More than three years before the passage of the act granting US citizenship to Americans, who had been excluded under the citizenship provisions of the Fourteenth Amendment, The Nation had considered the question in an essay, “Should the Pueblo Indians Be American Citizens?” Its author was Elizabeth Shepley Sergeant, a prominent journalist of the era, who objected to the granting of US citizenship to Native Americans on the grounds that it would wipe out what little was left of tribal tradition. She called instead for the appointment of a “‘Protector’: not a ‘political appointee,’ but a really big-minded person of vision and competence.” Hmm.
“They are nothing but children”—on how many lips has one heard the kindly-contemptuous phrase in the Southwest. And in how many outer offices has one not seen these patient Children of the Ages waiting abashed in their blankets for red tape to unroll—abashed and bewildered, but feeling in their heart of hearts much surer than their patronizing, black-coated advisers where lie the eternal verities….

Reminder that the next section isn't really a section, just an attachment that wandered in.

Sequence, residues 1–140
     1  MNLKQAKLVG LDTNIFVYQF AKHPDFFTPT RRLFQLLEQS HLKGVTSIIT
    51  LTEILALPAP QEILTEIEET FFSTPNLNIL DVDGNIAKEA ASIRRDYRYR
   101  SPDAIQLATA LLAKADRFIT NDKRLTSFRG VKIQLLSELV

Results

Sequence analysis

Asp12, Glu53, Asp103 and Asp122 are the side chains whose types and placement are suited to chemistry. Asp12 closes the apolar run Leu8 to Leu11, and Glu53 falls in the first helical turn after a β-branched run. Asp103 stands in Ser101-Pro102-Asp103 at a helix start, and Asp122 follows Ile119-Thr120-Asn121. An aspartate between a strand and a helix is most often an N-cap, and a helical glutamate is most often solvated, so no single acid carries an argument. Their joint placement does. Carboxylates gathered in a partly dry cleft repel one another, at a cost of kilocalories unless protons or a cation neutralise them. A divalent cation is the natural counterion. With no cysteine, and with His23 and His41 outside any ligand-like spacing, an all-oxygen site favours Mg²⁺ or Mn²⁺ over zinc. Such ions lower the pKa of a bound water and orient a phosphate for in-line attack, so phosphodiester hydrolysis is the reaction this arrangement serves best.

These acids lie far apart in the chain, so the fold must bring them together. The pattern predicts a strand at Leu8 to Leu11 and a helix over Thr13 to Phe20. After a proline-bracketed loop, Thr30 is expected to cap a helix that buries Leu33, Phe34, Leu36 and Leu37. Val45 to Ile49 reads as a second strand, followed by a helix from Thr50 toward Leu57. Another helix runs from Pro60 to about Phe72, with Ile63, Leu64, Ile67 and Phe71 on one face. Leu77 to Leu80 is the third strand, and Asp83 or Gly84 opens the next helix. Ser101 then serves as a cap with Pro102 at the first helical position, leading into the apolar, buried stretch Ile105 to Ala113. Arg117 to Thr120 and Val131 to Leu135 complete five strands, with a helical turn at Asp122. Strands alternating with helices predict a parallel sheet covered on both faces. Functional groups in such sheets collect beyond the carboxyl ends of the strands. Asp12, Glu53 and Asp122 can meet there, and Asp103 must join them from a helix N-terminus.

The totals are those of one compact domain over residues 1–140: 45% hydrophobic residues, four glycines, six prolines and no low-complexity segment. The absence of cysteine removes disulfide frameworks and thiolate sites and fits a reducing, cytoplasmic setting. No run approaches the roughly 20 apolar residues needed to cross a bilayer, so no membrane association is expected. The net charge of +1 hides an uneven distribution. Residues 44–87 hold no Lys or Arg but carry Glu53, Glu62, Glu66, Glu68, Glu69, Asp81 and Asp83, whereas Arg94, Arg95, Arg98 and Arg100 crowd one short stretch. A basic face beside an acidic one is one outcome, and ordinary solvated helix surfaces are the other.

The fate of a few thousands of Pueblo Indians will probably arouse very little interest in our many millions. America is a reckless squanderer where small racial units are concerned, and the cause of any Indian race seems a priori a lost cause. Yet justice and the faith of these simple self-respecting folk in a benevolent Uncle Sam, who has, first and last expended considerable sums in providing them with teachers, lawyers, doctors, and farm machinery, should not be lightly set aside. Moreover, if we were going to scrap the Pueblo civilization, consign it to the general Indian ashheap, better have done so in 1846 than in 1921, when there are signs that the greatest and richest country in the world has at last reached the point of creating an American culture. Is there not, on a purely selfish, if not on an altruistic basis, solid reason for conserving and protecting the only Indian race that has, as by a miracle, survived in its original state to the twentieth century?
To mark The Nation’s 150th anniversary, every morning this year The Almanac will highlight something that happened that day in history and how The Nation covered it. Get The Almanac every day (or every week) by signing up to the e-mail newsletter.